The media has given particular attention to the supposed danger to individuality and uniqueness. This concern about losing our uniqueness and even our individual identities derives from our anxiety over the clones as copies (1). The media promoted, almost excessively, the belief that human value or human dignity is a fixed unity attached to our genetic pattern (17). This attitude derives from the widespread belief in genetic determinism, that is to say our personalities and our behaviours are genetically determined, whether this is toward violence, a tendency to adultery or happiness etc.

President Clinton also reflected our anxieties about uniqueness and copying when he said “My own view is that human cloning would have to raise deep concerns, given our most cherished concepts of faith and humanity”. And he continued saying “Each human life is unique, born of a miracle that reaches beyond laboratory science. I believe we must respect this profound gift and resist the sinful temptation to replicate ourselves” (1). Once deprived of their uniqueness, human beings will be devalued and be treated interchangeably, thus posing a vital risk to our humanity.

In the early 1970’s, Hans Jones, commenting on the possibility of cloning an individual because of some characteristics that s/he possesses, argued that cloning is always a crime against the clone because we are depriving the new individual of the existential right to certain subjective terms of being - particularly the right to ignorance of facts about his/her origin. Jones supposes that the advance knowledge of what the donor has or has not accomplished will extinguish spontaneity and the possibility of becoming him/herself (1). Thus the later born “twin” will lack individuality or the freedom to create his or her own identity because of confusion about or expectations aroused by having the same DNA as another person.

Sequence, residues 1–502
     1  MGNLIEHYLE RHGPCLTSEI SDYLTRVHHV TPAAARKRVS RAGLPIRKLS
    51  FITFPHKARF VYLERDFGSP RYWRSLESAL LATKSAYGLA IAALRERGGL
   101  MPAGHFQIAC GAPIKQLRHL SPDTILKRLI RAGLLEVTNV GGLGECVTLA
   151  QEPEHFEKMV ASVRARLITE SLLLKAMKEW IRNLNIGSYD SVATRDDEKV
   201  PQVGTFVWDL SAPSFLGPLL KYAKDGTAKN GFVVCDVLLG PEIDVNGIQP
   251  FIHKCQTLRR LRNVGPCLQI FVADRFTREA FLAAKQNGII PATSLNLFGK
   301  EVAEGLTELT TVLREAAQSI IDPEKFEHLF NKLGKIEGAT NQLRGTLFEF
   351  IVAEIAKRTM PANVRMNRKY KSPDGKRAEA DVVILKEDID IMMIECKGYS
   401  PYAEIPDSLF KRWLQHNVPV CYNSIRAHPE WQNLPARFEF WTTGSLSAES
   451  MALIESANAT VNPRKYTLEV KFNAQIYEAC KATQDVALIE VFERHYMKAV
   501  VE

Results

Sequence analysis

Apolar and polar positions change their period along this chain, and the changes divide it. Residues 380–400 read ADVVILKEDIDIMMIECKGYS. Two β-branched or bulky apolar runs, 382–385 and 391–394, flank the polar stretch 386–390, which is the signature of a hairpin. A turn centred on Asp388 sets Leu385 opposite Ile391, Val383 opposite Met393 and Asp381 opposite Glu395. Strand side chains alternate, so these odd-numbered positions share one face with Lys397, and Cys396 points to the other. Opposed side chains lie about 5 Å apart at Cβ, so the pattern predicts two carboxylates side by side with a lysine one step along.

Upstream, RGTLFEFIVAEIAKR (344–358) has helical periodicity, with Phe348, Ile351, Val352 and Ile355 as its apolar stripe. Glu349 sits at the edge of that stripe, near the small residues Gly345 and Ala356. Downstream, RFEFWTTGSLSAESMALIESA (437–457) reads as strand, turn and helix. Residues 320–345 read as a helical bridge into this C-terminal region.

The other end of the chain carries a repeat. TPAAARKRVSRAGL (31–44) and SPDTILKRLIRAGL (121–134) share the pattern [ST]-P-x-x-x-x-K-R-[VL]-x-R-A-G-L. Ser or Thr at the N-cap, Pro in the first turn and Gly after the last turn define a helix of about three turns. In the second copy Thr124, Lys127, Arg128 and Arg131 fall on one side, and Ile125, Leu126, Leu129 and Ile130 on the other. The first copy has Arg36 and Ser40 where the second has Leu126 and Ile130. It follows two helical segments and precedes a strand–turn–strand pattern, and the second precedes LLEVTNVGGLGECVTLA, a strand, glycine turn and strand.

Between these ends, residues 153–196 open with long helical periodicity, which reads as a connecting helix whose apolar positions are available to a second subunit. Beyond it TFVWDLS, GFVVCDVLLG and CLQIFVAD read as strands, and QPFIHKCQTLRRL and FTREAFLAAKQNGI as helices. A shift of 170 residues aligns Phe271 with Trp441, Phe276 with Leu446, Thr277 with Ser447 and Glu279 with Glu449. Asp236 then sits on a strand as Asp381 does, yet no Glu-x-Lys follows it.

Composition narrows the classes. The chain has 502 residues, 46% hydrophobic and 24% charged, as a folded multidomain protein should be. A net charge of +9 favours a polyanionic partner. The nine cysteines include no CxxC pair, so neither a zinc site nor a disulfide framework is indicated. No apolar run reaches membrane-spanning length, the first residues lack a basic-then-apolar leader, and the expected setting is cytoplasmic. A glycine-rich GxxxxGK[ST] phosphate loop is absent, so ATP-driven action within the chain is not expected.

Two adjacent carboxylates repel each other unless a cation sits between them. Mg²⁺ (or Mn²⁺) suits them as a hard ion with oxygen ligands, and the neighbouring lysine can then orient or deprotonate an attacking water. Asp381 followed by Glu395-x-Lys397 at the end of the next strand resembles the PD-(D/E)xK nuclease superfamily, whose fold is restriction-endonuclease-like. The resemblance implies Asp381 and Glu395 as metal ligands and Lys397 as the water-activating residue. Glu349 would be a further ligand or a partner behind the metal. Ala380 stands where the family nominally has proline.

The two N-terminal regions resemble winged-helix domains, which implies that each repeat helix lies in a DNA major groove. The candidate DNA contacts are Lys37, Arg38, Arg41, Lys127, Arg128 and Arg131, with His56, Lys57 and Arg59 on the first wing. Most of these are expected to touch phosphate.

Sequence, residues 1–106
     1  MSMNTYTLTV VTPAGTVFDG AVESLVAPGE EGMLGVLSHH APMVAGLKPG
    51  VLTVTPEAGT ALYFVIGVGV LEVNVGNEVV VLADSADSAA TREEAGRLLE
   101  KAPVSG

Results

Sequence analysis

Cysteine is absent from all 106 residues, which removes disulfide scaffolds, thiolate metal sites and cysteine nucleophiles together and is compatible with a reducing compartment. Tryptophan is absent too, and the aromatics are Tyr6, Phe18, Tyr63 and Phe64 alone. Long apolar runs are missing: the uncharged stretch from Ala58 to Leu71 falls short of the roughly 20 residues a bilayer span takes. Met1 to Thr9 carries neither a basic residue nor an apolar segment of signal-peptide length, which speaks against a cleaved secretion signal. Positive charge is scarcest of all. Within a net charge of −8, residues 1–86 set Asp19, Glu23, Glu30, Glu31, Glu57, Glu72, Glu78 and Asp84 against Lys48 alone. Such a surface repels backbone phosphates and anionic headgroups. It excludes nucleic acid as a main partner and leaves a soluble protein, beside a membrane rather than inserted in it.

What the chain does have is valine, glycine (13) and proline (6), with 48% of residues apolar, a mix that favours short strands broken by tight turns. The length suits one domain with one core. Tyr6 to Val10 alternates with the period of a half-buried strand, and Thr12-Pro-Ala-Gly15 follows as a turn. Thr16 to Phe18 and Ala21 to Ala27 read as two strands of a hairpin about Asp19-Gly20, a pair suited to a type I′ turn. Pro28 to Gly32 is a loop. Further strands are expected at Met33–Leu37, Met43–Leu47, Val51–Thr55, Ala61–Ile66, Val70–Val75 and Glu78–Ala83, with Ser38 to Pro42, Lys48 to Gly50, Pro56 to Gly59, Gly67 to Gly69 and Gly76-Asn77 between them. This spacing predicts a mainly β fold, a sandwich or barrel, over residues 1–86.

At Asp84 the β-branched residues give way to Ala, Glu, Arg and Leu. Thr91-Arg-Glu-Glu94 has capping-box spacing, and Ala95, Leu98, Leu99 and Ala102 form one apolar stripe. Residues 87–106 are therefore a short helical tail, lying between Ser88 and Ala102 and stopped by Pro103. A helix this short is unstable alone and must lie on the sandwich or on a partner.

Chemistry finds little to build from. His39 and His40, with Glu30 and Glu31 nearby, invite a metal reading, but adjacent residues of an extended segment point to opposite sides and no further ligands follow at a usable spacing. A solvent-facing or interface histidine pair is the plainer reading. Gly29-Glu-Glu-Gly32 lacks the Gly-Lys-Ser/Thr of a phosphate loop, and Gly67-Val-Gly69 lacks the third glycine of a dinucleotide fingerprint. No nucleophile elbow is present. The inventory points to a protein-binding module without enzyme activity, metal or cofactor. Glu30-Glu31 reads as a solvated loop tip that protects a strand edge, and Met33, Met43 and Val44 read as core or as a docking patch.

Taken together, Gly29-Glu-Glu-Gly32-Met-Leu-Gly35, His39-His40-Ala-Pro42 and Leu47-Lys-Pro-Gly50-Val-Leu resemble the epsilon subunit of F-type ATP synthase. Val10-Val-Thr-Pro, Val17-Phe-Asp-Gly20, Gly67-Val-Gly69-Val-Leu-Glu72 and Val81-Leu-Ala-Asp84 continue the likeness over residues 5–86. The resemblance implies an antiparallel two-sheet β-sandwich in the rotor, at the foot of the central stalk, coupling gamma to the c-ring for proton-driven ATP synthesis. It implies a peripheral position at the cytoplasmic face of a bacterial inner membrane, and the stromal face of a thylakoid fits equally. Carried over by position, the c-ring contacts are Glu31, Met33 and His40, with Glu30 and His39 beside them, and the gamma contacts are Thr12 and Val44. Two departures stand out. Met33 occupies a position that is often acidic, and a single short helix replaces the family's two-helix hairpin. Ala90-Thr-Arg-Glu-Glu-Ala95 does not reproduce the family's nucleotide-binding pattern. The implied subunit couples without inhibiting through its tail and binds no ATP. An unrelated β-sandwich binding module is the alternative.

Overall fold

It is in the diversity of people that we find much interest and enthusiasm (9). Cloning tends to depersonalize and reduce human beings to valued cells, tissues and organs and, in so doing, diminishes or loses the sentiment of awe. According to Einstein science and religion are rooted in the sense of awe and wonder towards the cosmos and the persons who live within it. If awe is diminished, science will become lifeless and religion will be deformed (15).

Human Dignity
The most important feature of the Western culture is a belief in individual human dignity; that people have the moral right and responsibility to confront for themselves the most fundamental questions about the meaning and value of their own lives (10). Emanuel Kant says that human dignity demands that an individual should never be thought as a means but always as an end. The existence of human copies is interpreted not only as an assault on individuality but on the very essence of human dignity and on the corresponding attitude of respectful awe for the individual (1,18). Creating a human life for the sole purpose of producing therapeutic material clearly would not respect the dignity of the created file (4).

Respect for Family
The practice of cloning is of particular concern to those who believe in the moral significance of the family, in the meaning of parenthood and in the central role of the family in the life of the entire community (15,19). The President’s Commission noted “moral concerns about a possible degeneration in the quality of parenting and family life” aroused by the advent of cloning and by the moral/relational issues and new child-rearing responsibilities, related to cloning.

Others fear that parents who choose their child’s genome through somatic-cell cloning will view the child as a commodity or an object to serve their own ends (8).

Any discovery that touches upon human creation is not simply an act of scientific creation but also a matter of morality and spirituality as well.

When President Clinton convened the National Bioethics Advisory Committee (NBAC) to examine policy options on human cloning he cited not only matters of morality but also of spirituality. The language he used on this occasion suggests that certain aspects of cloning cannot be subsumed completely under policies of ethics but must evoke deeper and substantive matters of human nature, identity and meaning (15).

The committee gave serious consideration to the input of religious leaders on human cloning, because they (the spiritual leaders) significantly shape the moral positions taken by many US citizens on new technological developments (15).